interface INewer;
}

The converted types appear as follows:

[Guid(…)]
public interface INew {…}

[Guid(…)]
public interface INewer {…}

[Guid(…)]
public interface NewNewer : INew {…}

[Guid(…)]
public class NewNewer : INew, INewer, NewNewer{
// Method implementation.
     [DispId(100)]…
}

Structures defined within a type library are imported as metadata. If a field of a struct is a reference type, Tlbimp.exe imports the type as an IntPtr and applies the ComConversionLossAttribute. The attribute indicates that information was lost during the import process.

Type Library Importer (Tlbimp.exe) imports unmanaged enumerations as managed Enum types.

Constants will not be imported from type library in this release.

Type definitions (typedefs) within a type library are not imported. Instead, parameters and fields are imported as the underlying types. For example, a parameter of type BUTTON_COLOR is imported as type integer, since BUTTON_COLOR is an alias for an integer.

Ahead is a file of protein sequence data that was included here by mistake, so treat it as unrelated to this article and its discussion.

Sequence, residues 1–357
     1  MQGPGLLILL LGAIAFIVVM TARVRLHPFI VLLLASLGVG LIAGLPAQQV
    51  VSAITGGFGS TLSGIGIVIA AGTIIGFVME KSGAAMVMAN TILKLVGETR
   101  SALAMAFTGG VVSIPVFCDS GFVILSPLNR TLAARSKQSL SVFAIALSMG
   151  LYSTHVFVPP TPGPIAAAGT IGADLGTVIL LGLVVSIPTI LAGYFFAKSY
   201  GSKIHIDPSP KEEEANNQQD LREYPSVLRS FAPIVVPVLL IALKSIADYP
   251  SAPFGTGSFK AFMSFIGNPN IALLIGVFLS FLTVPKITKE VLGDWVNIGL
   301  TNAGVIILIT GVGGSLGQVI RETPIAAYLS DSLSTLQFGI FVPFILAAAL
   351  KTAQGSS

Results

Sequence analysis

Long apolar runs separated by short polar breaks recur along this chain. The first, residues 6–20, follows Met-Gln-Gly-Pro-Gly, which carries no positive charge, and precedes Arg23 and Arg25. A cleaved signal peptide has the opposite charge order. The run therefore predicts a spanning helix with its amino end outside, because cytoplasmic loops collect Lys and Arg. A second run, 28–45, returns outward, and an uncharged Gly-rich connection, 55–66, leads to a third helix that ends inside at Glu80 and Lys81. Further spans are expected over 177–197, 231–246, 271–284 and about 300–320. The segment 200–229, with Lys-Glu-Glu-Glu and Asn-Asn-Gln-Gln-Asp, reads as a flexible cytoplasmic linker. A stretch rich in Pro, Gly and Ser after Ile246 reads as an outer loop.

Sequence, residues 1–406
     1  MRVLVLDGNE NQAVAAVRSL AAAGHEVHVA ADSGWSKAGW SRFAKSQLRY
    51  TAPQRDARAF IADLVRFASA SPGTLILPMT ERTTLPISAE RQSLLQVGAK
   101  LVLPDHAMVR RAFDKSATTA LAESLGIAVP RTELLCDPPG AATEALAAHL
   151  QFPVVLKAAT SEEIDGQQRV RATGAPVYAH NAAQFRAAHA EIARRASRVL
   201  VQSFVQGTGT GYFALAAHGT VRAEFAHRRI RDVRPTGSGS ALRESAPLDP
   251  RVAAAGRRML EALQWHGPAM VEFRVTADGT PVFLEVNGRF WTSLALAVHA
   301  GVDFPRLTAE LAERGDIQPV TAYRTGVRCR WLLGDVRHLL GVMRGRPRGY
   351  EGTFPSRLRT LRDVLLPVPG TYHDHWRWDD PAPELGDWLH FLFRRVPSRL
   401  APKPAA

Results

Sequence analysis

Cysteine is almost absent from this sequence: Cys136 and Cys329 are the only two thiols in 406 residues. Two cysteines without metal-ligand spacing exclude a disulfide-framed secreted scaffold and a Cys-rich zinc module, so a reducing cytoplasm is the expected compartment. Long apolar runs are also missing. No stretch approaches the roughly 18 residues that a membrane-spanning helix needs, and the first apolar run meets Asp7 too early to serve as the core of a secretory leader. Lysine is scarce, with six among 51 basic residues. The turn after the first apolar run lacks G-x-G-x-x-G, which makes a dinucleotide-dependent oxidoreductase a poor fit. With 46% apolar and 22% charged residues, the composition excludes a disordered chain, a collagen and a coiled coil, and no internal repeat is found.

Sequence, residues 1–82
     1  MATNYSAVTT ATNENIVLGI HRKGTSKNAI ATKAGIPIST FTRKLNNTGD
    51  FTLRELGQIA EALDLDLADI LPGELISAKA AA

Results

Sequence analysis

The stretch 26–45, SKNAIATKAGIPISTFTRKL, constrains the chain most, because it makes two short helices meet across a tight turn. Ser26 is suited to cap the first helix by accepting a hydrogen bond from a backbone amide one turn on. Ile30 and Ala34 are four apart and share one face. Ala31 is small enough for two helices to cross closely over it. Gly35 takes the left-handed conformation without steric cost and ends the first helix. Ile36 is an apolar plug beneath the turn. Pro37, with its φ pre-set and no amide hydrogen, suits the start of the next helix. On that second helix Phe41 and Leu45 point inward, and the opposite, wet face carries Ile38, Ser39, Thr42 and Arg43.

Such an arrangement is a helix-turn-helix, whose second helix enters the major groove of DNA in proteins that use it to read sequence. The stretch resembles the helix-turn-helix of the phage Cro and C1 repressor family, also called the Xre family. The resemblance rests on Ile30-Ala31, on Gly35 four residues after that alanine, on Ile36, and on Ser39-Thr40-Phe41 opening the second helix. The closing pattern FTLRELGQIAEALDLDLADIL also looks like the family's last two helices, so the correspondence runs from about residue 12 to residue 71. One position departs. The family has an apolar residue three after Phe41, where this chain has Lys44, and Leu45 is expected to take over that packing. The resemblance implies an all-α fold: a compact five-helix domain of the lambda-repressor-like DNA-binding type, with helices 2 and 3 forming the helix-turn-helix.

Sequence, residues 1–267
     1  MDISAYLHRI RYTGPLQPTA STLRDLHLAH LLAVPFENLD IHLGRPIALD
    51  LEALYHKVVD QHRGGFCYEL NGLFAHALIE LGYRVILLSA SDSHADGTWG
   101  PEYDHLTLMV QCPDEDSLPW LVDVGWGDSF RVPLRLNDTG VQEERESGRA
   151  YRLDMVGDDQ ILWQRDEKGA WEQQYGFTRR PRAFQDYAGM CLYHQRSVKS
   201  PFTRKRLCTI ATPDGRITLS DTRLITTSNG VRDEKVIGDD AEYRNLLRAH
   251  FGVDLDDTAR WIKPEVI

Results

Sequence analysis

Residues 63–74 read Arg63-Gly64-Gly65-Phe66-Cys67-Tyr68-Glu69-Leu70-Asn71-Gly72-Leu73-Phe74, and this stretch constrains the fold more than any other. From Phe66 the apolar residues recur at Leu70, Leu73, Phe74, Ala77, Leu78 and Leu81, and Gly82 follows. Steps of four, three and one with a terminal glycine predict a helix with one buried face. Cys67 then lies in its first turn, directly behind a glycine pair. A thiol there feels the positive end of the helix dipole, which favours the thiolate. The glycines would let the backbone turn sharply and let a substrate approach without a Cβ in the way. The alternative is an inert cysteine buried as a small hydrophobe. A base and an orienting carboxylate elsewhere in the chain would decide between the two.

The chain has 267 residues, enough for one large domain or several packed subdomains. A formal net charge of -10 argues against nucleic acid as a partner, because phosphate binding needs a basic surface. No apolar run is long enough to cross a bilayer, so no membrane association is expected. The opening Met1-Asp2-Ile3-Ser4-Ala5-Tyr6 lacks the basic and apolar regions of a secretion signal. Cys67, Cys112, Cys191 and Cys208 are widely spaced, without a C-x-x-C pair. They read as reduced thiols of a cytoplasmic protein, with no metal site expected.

Once imported, parameters and fields carry information that associates them with their original type in the ComAliasNameAttribute. The conversion process applies ComAliasNameAttribute to associate a field, parameter, or return value with the name of the type library and the type within the library that was used as an alias.

The following type library representation shows that the cl parameter is typed as a BUTTON_COLOR, which is an alias for an integer.

library MyLib {
    typedef [public] int BUTTON_COLOR;

    interface ISee {
        HResult SetColor([in] BUTTON_COLOR cl);
        HResult GetColor([out, retval] BUTTON_COLOR *cl);
    };
   
    coclass See {
        [default] interface ISee
    };
};

The converted types appear as follows:

public interface ISee {
    void SetColor([ComAliasName("MyLib.BUTTON_COLOR")]] int cl);
    [return: ComAliasName("MyLib.BUTTON_COLOR")] int GetColor();
};

public class See {
    public void SetColor([ComAliasName("MyLib.BUTTON_COLOR")]] int cl);
    [return: ComAliasName("MyLib.BUTTON_COLOR")] int GetColor();
};

Note that the actual type BUTTON_COLOR is not defined in the resulting metadata. Instead, the parameters typed as BUTTON_COLOR in the type library are typed as the underlying type, int, and are attributed with the ComAliasNameAttribute. This conversion process also applies the attribute to arguments on class methods.